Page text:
Anthem for Doomed Youth Commentary Wilfred Owen

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The sonnet ‘Anthem for Doomed Youth', by Wilfred Owen, criticizes war. The speaker is Wilfred Owen, whose tone is first bitter, angry and ironic. Then it's filled with intense sadness and an endless feeling of emptiness. The poet uses poetic techniques such as diction, imagery, and sound to convey his idea.

The title, ‘Anthem for Doomed Youth', gives the first impression of the poem. An ‘anthem', is a song of praise, perhaps sacred, so we get the impression that the poem might me about something religious or joyous. However, the anthem is for ‘Doomed Youth' which is obviously negative. The title basically summarizes what the poem is; a mixture of thoughts related to religion and death, irony, and cynicism.

The poem doesn't slowly start to focus on the point he's making: there is an immediacy of war with the usage of present tense. Plus, it starts with a rhetorical question. With the rhetorical questions, he says that the dead soldiers, or ‘cattle', die insignificantly, for there are no ‘passing-bells' for them. Furthermore, he is emphasizing the vast number of the dead by meaning that there wouldn't be enough bells, or time to ring the bells for each soldier. The speaker continues by answering his own question with lines filled with onomatopoeia, personification, assonance, and alliteration: the ‘only' substitute for the bells are the bullets fired during war by the ‘stuttering rifles' and the ‘guns' with the ‘monstrous anger'. This type of beginning sets out a solid foundation for the poem: it already gives the reader a strong idea of what the intentions of the poet are.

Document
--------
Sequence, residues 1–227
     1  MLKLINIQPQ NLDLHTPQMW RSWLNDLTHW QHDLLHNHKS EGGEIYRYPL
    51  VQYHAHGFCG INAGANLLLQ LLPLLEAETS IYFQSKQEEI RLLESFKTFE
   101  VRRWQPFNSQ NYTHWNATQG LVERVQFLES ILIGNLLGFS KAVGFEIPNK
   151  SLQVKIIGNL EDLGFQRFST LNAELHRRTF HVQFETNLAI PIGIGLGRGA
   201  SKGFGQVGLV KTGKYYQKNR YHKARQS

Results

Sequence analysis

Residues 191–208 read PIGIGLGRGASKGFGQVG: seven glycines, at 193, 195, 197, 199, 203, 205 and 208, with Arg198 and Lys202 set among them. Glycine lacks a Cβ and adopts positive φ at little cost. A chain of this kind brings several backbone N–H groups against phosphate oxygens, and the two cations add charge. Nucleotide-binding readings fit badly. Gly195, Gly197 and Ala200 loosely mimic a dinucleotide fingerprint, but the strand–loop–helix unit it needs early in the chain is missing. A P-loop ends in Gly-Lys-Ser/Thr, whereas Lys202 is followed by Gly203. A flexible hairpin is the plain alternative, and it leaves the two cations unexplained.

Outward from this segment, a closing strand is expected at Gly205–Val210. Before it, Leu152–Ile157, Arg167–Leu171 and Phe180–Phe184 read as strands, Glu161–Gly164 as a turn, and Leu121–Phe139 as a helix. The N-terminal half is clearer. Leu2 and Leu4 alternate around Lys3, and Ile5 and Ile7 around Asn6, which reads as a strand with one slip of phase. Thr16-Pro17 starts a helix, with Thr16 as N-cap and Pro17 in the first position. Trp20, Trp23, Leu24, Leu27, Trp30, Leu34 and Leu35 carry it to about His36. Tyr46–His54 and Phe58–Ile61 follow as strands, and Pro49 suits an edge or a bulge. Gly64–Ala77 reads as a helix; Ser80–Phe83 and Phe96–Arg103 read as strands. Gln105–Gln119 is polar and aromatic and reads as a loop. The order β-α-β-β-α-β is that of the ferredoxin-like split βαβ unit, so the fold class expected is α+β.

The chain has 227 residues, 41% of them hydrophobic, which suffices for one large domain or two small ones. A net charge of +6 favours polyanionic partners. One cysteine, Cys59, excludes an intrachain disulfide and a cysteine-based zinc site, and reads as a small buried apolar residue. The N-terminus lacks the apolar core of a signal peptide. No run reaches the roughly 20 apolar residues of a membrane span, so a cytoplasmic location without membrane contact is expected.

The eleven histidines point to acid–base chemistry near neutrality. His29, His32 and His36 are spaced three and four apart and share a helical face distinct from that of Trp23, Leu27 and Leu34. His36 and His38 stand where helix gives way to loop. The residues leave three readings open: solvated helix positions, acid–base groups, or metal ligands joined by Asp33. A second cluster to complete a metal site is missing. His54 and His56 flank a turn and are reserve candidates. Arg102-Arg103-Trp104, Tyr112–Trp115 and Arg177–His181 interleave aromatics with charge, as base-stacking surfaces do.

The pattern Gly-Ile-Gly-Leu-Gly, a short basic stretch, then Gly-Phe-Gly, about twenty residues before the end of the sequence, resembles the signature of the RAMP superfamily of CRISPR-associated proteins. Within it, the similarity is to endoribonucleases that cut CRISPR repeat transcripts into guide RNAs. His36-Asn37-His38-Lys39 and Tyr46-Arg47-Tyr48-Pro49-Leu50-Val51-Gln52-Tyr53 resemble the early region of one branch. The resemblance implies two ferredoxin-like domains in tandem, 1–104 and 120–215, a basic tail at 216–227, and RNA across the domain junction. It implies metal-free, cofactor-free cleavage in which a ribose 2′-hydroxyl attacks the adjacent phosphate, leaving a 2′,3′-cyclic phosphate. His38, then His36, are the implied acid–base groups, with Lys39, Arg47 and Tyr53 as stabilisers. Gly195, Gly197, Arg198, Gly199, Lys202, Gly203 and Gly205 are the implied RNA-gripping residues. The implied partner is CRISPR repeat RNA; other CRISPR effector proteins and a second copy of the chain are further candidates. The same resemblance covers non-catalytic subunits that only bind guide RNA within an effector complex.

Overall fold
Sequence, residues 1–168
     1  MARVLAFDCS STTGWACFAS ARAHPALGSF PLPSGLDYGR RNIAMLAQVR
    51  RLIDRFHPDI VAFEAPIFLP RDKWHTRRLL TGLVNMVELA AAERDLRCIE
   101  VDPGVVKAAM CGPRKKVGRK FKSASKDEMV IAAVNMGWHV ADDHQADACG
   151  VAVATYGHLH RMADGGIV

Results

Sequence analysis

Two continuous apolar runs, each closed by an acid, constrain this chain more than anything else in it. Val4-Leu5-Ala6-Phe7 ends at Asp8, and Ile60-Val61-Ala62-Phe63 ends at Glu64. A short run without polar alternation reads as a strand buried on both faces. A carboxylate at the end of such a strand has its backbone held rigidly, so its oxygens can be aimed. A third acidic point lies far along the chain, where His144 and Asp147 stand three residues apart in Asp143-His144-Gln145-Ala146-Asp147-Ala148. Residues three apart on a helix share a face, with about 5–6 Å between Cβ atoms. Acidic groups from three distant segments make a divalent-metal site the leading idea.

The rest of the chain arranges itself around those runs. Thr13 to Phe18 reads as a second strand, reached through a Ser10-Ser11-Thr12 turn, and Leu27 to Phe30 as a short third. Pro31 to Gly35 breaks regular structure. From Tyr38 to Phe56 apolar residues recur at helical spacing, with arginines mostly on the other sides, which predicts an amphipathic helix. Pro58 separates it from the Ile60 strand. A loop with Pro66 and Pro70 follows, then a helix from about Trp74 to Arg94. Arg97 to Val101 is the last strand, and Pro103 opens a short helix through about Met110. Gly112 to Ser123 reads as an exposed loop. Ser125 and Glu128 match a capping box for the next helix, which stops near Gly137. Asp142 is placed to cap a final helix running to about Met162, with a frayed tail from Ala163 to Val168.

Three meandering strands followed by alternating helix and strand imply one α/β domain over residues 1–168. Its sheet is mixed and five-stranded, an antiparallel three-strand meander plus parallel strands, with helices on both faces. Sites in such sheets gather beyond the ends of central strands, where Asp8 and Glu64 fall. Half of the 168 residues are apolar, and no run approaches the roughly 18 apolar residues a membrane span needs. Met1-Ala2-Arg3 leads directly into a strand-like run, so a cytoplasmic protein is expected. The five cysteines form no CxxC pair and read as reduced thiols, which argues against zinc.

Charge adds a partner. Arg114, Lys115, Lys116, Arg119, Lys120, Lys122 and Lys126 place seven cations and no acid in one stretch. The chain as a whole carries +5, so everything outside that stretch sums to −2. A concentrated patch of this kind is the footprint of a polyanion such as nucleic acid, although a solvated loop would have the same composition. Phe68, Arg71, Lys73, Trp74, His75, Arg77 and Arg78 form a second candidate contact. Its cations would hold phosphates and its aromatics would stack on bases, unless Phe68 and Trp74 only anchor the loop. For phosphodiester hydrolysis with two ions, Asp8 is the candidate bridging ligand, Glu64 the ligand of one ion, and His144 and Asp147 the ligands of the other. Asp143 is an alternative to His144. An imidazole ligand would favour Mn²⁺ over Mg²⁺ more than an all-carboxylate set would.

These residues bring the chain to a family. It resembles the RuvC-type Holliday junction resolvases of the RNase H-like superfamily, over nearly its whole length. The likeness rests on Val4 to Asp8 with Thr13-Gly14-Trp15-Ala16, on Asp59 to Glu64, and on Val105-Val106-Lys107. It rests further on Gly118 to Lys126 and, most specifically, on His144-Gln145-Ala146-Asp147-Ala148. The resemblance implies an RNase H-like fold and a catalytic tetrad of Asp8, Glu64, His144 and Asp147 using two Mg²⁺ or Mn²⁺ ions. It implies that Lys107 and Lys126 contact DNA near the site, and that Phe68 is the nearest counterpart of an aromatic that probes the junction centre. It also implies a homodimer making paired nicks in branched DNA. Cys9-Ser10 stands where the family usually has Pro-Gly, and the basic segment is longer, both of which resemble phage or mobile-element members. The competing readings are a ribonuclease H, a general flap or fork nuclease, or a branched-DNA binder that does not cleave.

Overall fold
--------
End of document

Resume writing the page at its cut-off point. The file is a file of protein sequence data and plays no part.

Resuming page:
The poem continues the theme of negativity when the speaker criticizes the use of religion throughout war, and possibly questions God. By using things as sacred things as ‘prayers', ‘bells' and ‘choirs' as tools to mourn the insignificant ‘cattle', Owen says that the dead would only be mocked.

The vast number of dead ‘cattle' is described by Own when he says that there aren't enough...
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